Quality of care and quality of life: what’s the difference?

By HBH - 4 March 2019

Quality of care and quality of life: what’s the difference?

In past years, the focus of aged care facilities was on ‘quality of care’, says HBH Senior Living CEO, Bonnie Robinson. These days, HBH and other like-minded care facilities want to concentrate on what really matters – quality of life.

“HBH has long been recognised as a model of excellence in senior care and living,” says Bonnie. “And we’re hugely proud of the quality of our care. But aged care is about so much more than that. In the past, quality of care was clinically focused and very much about cleanliness and orderliness.”

Today, HBH has a very different and much broader view, she explains. “Now we focus on optimising quality of life for the resident so that they feel valued; they’re interested, stimulated and involved.”

HBH has always been a very caring place, and the introduction of the Eden Alternative has contributed a new dimension, says Bonnie. “The philosophy of Eden is to enable the residents to do as much as they can themselves, as they would at home. On any given day, residents participate in daily life, volunteers are in and out from the community, and residents have a much greater sense of purpose – as well as being physically cared for, they have a more meaningful life.”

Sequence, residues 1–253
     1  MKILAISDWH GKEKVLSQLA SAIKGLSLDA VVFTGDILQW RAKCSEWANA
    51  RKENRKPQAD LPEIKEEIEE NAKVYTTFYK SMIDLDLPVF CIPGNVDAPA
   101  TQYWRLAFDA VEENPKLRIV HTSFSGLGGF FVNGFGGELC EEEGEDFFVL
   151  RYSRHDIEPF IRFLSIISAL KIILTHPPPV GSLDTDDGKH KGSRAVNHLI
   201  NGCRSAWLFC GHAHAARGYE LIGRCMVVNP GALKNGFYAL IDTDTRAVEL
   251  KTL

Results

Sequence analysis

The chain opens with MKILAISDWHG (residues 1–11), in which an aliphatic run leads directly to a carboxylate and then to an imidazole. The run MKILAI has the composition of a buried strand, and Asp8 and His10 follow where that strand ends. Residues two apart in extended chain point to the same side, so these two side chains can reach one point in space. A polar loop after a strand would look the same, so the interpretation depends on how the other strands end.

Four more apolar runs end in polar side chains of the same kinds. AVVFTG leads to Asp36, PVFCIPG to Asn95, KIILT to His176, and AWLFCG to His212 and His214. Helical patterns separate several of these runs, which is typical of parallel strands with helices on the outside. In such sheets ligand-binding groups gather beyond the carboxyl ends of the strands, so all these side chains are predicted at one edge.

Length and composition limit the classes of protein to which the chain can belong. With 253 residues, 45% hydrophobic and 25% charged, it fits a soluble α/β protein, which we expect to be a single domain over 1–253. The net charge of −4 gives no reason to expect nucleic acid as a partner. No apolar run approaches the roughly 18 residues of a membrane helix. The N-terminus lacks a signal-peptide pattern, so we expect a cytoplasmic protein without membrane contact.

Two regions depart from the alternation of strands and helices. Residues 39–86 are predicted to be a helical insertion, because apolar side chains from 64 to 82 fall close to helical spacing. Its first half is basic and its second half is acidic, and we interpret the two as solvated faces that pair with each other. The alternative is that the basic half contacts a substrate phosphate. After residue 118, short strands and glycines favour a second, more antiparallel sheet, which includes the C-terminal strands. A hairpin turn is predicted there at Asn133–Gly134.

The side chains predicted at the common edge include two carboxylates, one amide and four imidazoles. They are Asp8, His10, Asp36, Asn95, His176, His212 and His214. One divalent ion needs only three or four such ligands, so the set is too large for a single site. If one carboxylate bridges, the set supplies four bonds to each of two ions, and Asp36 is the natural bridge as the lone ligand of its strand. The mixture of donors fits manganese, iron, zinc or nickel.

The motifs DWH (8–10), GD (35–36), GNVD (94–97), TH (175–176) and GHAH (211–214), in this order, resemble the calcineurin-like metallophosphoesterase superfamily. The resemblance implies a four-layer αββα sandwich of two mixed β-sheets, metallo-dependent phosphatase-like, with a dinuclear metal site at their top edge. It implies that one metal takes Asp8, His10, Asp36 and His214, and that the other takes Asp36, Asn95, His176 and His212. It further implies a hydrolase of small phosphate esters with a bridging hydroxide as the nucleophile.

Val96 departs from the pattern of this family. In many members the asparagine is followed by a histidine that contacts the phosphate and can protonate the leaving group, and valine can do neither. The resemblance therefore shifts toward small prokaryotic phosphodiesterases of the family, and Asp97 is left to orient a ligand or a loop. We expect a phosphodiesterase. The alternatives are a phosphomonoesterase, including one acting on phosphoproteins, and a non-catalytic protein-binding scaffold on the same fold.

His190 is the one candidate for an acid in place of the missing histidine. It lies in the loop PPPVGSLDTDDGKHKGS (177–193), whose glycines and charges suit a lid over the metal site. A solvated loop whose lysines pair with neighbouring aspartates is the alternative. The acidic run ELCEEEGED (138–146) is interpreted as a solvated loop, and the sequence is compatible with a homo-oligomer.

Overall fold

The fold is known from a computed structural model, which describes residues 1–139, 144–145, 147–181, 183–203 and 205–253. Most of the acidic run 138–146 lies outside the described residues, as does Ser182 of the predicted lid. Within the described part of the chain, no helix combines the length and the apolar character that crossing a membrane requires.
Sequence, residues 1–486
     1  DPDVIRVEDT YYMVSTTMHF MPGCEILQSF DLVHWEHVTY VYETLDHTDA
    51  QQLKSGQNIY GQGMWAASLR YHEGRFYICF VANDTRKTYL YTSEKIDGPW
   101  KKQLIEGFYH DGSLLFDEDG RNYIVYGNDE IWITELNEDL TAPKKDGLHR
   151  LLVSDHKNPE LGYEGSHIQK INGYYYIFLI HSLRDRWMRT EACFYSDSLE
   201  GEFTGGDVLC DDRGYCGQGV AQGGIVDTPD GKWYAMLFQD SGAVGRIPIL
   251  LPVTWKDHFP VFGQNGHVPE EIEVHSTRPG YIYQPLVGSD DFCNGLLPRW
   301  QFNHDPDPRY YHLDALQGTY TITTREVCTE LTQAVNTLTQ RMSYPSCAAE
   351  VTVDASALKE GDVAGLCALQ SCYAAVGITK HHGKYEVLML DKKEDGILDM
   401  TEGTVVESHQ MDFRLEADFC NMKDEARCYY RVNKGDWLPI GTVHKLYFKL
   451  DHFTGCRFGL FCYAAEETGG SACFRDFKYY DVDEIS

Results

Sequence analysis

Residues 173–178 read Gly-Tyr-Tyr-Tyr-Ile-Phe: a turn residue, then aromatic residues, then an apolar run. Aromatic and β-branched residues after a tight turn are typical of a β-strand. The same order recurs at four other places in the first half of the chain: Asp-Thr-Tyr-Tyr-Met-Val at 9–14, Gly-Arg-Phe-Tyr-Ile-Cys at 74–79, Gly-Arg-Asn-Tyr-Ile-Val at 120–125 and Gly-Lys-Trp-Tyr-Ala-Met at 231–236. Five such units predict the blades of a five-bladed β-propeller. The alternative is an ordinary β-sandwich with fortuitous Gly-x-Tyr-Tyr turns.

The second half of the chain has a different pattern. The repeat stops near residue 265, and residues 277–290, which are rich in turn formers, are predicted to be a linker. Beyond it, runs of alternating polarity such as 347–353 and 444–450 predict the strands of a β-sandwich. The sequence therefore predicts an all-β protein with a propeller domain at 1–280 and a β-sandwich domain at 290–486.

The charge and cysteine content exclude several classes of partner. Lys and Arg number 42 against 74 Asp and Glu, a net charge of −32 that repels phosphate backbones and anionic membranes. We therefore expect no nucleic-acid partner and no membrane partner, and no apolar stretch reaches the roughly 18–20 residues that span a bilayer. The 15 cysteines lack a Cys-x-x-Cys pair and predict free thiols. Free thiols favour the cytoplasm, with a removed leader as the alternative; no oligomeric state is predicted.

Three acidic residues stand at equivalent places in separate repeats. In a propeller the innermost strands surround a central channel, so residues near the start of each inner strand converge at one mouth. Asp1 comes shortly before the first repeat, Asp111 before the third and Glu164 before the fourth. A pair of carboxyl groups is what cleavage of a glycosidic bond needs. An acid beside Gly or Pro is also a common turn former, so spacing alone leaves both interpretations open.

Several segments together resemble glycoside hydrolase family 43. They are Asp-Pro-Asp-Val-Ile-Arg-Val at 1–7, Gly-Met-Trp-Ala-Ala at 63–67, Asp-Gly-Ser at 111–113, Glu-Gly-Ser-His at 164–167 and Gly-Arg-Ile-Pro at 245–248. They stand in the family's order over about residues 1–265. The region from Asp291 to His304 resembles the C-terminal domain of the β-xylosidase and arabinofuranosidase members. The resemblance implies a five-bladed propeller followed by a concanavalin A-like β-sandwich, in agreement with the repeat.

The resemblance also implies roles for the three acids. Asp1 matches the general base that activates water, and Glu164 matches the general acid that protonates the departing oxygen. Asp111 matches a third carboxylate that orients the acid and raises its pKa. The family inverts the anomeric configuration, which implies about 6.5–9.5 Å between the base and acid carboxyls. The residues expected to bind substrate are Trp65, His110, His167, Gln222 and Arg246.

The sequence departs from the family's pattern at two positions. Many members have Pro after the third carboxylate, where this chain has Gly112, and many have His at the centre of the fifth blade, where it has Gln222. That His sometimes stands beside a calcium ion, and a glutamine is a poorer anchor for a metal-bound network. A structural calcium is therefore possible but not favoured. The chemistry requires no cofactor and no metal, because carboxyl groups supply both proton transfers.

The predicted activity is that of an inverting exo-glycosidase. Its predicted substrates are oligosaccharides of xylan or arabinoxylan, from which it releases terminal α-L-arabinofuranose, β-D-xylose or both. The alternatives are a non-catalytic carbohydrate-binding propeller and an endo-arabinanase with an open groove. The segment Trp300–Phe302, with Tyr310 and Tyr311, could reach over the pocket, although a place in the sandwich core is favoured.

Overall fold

Being a NFP organisation means that HBH can focus on quality of care rather than on delivering a profit. This enables HBH to offer a range of additional services, such as physiotherapy, occupational therapy, cognitive stimulation therapy and socialisation clubs such as Spark of Life.

Jejson Jose, HBH Senior Living’s Quality Manager, believes that this makes a huge difference. “The saying ‘use it or lose it’ very much applies,” he explains. “If an older person has a fall and is in bed for a month, he or she will very quickly lose their mobility. Services like OT and physio ensure our residents don’t ‘lose it’. And our cognitive programmes and Spark of Life work in the same way – keeping people intellectually stimulated and engaged, as do volunteers from the community who bring the outside in.”

Lastly, HBH has a long-serving, like-minded and consistent team who are all motivated to care.

“Everyone in the organisation has the same intention and is motivated by our vision to ensure our residents have the care and support they require to enjoy fullness of life,” says Bonnie.

“From the nursing staff to the ground and laundry staff, everyone plays an equally important role in contributing to the high quality of care HBH delivers.”

HBH will undergo a Ministry of Health audit in March, which measures standards of care. Bonnie is proud of the clinical standards at HBH, but what she and the staff are most proud of is less easy to measure – ensuring our residents have the highest possible quality of life.

Lisa Waldren